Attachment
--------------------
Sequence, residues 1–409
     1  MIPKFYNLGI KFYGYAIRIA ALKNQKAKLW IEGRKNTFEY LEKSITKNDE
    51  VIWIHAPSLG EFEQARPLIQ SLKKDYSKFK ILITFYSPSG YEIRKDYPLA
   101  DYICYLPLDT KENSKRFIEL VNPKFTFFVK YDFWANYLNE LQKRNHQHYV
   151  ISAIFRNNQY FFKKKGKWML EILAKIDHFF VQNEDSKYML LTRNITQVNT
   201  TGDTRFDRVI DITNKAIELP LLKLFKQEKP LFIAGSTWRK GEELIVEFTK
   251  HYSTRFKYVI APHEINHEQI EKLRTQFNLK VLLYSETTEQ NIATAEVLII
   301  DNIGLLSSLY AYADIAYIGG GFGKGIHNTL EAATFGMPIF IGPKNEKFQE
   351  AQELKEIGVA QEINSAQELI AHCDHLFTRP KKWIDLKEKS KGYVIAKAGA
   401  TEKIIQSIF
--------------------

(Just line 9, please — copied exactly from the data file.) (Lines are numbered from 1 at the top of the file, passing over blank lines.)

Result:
   351  AQELKEIGVA QEINSAQELI AHCDHLFTRP KKWIDLKEKS KGYVIAKAGA